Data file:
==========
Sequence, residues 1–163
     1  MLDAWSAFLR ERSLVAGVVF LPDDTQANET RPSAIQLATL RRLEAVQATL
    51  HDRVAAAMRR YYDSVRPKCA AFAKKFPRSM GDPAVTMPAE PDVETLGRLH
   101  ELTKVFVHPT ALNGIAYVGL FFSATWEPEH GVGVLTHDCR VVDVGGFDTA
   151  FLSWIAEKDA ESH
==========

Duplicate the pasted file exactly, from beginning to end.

Sequence, residues 1–163
     1  MLDAWSAFLR ERSLVAGVVF LPDDTQANET RPSAIQLATL RRLEAVQATL
    51  HDRVAAAMRR YYDSVRPKCA AFAKKFPRSM GDPAVTMPAE PDVETLGRLH
   101  ELTKVFVHPT ALNGIAYVGL FFSATWEPEH GVGVLTHDCR VVDVGGFDTA
   151  FLSWIAEKDA ESH